THE view from the terrace of Barnbougle Castle on the banks of the Forth is as dramatic as it is breathtaking.
With the tide out on a calm June day it is a magical sight, the mudflats glistening as they reflect the clouds and sky in what little water remains.
Suddenly the Capital, off in the distance, seems very far away.
Despite the peaceful nature of this scenario, it’s equally easily to imagine the 13th century stronghold being battered by the wind, lashed by rain and stoically withstanding the crashing waves on a dark winter’s evening.
It was one such wild and terrible storm that inspired the Earl of Rosebery and his family, led by his daughter Lady Jane and son Lord Dalmeny, to restore the building and open it to the public as a fairy tale venue for special occasions.
My guide today is Harry Primrose, Lord Dalmeny himself, “Just call me Harry,” says the 51-year-old who, one day, will inherit his father’s title to become the Eighth Earl of Rosebery.
As he shares the castle’s story, it’s clear he is passionate about the landmark building, which was his playground as a child.
“The castle sits on the site of an incredibly ancient house, built in the 13th century by a Norman family called the Mowbrays,” he says, opening one of the ornate ‘patio’ doors leading onto the terrace.
Looking out over the Forth, he observes, “It’s quite a good defensible site, you can see all the way up and down the Forth, from Hound Point Oil Terminal to the left, over to Fife, Inchcolm with its abbey, Carncross island, which looks like a submarine, Inchmickery, which looks like a battle ship, and Cramond Island, which my grandfather bought.”
The original owners were Crusaders, Harry explains, revealing, “One went off to the Crusades and left his dog behind.
“The dog ran away and went to live out on the Point. About a year later, a ghastly howling was heard - it was the day his master died. The dog knew.
“Ever since, there’s been this legend of this ghostly dog that howls when a castle laird dies.”
It is believed Conan Doyle got his idea for The Hound of the Baskervilles from this story.
“Under here are lots of old vaults and cellars,” says Harry, leaning over the balustrade that separates the terrace from the rocks and the water of the Forth.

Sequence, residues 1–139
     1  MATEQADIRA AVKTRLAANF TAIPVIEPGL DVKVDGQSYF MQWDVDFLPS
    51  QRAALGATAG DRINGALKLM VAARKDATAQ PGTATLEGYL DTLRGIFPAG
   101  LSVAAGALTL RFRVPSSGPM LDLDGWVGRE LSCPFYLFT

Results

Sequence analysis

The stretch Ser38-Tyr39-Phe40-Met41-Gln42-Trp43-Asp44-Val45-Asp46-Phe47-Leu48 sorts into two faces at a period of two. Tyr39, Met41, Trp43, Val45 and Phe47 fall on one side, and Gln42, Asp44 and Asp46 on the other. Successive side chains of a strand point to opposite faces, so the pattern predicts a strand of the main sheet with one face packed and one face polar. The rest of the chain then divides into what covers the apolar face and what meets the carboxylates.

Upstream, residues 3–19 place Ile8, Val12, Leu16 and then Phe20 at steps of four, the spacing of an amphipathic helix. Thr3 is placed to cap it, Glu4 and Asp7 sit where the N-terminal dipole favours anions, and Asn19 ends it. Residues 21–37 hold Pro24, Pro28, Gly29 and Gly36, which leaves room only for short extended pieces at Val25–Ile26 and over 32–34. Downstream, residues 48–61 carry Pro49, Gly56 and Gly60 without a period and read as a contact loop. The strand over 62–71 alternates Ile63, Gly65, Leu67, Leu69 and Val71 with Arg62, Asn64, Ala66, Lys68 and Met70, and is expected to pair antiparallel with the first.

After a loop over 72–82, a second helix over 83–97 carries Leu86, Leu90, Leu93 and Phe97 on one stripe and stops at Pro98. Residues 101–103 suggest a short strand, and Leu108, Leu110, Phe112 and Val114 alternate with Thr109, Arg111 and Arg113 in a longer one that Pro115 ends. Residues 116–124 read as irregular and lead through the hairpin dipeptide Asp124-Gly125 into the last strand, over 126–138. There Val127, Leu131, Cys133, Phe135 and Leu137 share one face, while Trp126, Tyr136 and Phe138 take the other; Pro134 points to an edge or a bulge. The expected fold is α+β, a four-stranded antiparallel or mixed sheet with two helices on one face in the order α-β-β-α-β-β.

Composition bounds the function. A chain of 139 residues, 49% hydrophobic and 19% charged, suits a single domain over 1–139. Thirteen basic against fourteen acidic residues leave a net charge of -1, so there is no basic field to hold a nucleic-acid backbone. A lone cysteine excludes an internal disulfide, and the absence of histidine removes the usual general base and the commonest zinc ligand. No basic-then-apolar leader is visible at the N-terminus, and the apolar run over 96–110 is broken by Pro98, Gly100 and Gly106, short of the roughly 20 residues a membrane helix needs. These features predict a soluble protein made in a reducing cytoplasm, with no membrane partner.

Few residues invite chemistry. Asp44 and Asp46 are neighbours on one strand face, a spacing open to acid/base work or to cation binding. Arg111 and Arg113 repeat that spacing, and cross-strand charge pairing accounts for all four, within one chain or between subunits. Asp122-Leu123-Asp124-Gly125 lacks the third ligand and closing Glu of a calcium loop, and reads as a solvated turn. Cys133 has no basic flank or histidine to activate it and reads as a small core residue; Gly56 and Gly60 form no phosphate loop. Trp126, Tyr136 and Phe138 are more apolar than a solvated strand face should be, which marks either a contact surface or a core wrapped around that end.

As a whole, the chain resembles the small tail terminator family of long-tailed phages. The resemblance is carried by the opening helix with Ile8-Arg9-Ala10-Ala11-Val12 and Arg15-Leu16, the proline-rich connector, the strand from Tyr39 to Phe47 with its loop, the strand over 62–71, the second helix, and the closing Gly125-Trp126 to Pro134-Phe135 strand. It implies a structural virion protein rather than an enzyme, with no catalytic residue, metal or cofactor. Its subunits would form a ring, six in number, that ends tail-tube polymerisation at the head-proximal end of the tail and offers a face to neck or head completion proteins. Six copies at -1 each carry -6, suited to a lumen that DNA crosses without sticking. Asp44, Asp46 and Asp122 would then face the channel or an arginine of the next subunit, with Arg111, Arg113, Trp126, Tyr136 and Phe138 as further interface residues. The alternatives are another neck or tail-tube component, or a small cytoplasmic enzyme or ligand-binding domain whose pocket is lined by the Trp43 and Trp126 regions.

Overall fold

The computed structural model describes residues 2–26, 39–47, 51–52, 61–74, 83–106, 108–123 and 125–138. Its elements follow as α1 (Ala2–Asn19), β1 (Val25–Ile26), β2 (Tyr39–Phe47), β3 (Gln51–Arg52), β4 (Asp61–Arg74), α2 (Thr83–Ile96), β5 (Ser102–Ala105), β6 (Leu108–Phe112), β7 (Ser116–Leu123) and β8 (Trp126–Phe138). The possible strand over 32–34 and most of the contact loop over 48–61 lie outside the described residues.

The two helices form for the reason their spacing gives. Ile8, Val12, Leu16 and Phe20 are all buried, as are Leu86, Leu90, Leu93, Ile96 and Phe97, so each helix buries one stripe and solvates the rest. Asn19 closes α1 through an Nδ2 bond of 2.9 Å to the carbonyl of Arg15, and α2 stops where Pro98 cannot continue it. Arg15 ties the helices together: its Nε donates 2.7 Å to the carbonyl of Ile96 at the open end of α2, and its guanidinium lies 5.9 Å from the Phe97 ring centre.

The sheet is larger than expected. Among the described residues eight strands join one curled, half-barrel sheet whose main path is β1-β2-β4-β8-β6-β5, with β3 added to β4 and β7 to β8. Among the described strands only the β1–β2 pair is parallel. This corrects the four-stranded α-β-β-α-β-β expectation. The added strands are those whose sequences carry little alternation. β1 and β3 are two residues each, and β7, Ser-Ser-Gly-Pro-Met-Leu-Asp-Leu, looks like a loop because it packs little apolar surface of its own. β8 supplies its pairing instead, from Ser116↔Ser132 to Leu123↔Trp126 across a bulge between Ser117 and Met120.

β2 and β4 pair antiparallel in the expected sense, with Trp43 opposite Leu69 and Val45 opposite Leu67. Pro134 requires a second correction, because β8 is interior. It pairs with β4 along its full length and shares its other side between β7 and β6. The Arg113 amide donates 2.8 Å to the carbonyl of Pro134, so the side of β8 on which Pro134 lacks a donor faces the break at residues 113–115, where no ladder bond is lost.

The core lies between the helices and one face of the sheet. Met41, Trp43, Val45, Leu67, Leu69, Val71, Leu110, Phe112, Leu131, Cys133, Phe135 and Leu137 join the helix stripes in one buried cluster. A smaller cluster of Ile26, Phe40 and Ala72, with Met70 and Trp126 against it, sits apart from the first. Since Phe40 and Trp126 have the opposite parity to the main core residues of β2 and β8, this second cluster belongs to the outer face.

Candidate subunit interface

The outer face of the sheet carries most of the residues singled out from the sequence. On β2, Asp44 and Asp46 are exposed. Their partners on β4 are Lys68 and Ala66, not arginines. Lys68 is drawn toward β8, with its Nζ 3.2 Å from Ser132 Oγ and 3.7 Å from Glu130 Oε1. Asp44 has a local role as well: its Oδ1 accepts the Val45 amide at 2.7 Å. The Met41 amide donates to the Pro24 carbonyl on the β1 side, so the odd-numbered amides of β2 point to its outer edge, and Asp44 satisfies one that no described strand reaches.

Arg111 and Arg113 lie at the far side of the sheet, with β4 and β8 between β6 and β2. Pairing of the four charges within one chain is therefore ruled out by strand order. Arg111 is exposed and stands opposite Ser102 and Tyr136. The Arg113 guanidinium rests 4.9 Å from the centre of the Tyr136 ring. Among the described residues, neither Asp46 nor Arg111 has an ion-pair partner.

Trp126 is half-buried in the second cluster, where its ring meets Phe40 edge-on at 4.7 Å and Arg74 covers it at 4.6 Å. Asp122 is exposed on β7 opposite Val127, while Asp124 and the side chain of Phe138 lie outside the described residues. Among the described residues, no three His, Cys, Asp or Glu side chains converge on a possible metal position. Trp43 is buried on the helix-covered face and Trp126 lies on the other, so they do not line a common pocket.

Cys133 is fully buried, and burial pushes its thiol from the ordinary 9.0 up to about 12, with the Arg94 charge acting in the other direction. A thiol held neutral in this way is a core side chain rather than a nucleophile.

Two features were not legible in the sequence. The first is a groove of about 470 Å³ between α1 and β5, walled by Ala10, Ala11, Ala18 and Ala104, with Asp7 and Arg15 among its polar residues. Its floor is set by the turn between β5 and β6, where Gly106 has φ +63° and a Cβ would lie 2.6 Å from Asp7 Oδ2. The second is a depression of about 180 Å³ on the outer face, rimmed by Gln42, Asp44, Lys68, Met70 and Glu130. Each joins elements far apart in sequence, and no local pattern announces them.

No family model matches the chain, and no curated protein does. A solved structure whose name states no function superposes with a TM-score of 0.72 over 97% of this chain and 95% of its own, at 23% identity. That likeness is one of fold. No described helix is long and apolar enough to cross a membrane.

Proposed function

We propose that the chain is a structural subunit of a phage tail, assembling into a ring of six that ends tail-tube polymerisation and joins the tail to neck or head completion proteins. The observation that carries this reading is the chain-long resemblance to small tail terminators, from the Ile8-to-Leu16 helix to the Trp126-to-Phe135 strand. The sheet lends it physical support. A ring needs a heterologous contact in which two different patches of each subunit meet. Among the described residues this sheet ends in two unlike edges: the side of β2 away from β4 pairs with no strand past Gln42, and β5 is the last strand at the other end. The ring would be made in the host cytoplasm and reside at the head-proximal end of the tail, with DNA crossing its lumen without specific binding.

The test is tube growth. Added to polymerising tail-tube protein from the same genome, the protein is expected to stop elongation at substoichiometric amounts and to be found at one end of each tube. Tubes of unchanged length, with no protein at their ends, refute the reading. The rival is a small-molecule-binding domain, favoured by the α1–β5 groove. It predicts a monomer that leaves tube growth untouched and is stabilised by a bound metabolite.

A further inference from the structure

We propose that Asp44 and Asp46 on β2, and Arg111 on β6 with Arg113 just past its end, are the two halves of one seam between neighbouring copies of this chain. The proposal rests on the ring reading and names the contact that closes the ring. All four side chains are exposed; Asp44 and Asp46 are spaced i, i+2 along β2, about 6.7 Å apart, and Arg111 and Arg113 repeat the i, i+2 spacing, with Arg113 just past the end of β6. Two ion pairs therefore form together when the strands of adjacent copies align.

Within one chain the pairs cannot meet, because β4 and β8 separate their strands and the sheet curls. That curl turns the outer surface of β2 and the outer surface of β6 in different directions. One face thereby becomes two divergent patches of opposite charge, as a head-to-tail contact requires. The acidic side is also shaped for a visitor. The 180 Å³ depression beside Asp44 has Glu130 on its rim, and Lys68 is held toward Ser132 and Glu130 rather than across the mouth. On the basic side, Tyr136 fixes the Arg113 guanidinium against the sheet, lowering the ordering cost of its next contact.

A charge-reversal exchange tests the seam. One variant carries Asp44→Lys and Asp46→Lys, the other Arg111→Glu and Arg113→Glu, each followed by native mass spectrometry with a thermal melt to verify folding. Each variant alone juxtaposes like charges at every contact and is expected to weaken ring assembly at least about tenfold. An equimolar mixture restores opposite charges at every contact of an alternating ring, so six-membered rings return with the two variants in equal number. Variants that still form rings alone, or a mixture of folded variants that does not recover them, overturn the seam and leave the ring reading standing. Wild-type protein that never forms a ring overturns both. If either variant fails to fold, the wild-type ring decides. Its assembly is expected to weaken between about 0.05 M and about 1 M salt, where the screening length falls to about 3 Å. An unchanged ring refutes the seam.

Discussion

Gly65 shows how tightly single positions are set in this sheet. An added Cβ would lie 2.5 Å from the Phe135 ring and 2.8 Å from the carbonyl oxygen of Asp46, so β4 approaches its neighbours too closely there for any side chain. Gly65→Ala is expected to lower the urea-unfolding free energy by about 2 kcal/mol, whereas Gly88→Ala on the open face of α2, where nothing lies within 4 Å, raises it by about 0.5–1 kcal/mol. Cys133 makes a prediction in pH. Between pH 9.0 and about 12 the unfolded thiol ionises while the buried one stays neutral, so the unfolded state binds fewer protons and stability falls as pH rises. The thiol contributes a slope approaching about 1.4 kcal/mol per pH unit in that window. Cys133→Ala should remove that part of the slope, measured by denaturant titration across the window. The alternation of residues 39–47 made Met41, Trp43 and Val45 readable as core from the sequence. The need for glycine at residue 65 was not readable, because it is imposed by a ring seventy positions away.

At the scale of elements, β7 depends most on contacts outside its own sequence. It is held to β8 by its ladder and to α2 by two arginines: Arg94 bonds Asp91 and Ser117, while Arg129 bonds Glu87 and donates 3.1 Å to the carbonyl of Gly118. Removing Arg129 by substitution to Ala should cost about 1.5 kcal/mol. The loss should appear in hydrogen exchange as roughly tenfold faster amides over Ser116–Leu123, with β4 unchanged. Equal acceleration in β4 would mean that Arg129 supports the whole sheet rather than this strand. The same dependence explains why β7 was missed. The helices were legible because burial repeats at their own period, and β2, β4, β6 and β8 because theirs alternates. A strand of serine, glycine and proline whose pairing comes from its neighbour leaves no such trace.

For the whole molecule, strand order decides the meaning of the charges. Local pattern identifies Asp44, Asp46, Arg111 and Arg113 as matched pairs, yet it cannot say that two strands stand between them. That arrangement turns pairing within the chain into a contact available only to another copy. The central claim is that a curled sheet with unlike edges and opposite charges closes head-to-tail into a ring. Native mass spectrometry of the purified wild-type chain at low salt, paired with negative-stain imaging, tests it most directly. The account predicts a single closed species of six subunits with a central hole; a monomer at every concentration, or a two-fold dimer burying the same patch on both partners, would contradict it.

“At one time you could sail your boat into the basement of the castle and unload stuff you had definitely paid all the tax on,” he laughs.
After the Mowbrays, the castle became home to the Hamiltons who owned it until the Primrose family bought it and the estate in the 1660s.
“One of the reasons my family don’t live here anymore is that in the late-18th century, when we did still live here, the Lord Rosebery of the day was a bit mean.
“He would never agree to build a new house until one day he was apparently washed off his feet by a wave as he stood in the dining room.
“Then he built the new house and the old house was allowed to become derelict, before being used to store gunpowder... it blew up and burned down.
“This is the castle that has survived everything.
“In 1897, my great grandfather, a wonderful man - he won The Derby while he was Prime Minister, can you imagine? - decided to rebuild the castle.”
While doing so, the fifth Earl set a stone high in the wall declaring, ‘Remove not the ancient landmark which they fathers have set’.
“His quote from Proverbs is our mission statement really,” says the father of five.
Uninhabited from 1929, after the death of the fifth Earl, Harry would play in the castle as a child.
“It had been my great grandfather’s library and retreat but in 1929 was shut up with just a caretaker.
“When I was a boy, two marvellous ladies were caretakers, Mrs Jo and Mrs Swanky.
“Mrs Jo made the best scones on the planet and always had a bag of mint imperials, I literally learnt to bicycle so I could come down and visit her.
“Mrs Swanky took over when Mrs Jo retired and was a radio ham.
“On the roof she had these huge aerials, she used to talk to the King of Jordan on the ham radio - we all thought she was a spy,” he laughs.
It was a violent storm in 2010 that led to the castle’s current lease of life as a fairy-tale venue.
“Terribly strong winds destroyed the balustrade, ripped up the terrace, left two feet of water in the cellars and the roof leaking,” Harry recalls, “We thought, ‘What do we do? We’ve got this one-bed room castle with six libraries and 10,000 books, it’s no good on Air B&B’.”
As we gaze over the wood-panelled Great Hall with its vintage painted leather ‘wallpaper’, Harry explains, “One of the reasons we have done what we have done is that this was where our family always held their big parties, often with a tent on the lawn and the castle as a backdrop.”
Indeed, the castle is where Harry himself celebrated his 21st birthday and wedding reception. With so much tradition, it’s easy to see why it is now the ideal banqueting hall for any special occasion.
“Our other guiding principal when refurbishing the castle was, ‘Change everything and change nothing’,” he says.
“The result we wanted was that the Fifth Earl could walk back in here and not go, ‘My God what have you done?’ but would walk in and go ‘This is the house I know’.
To have your celebration in this rather splendid ‘house’ will cost from around £6000 but then, “What you have is a modernised version of what the fifth Earl built, a house not for living in but for entertaining in,” smiles Harry.
To book or for more information visit roseberyvenues.co.uk/venue/barnbougle-castle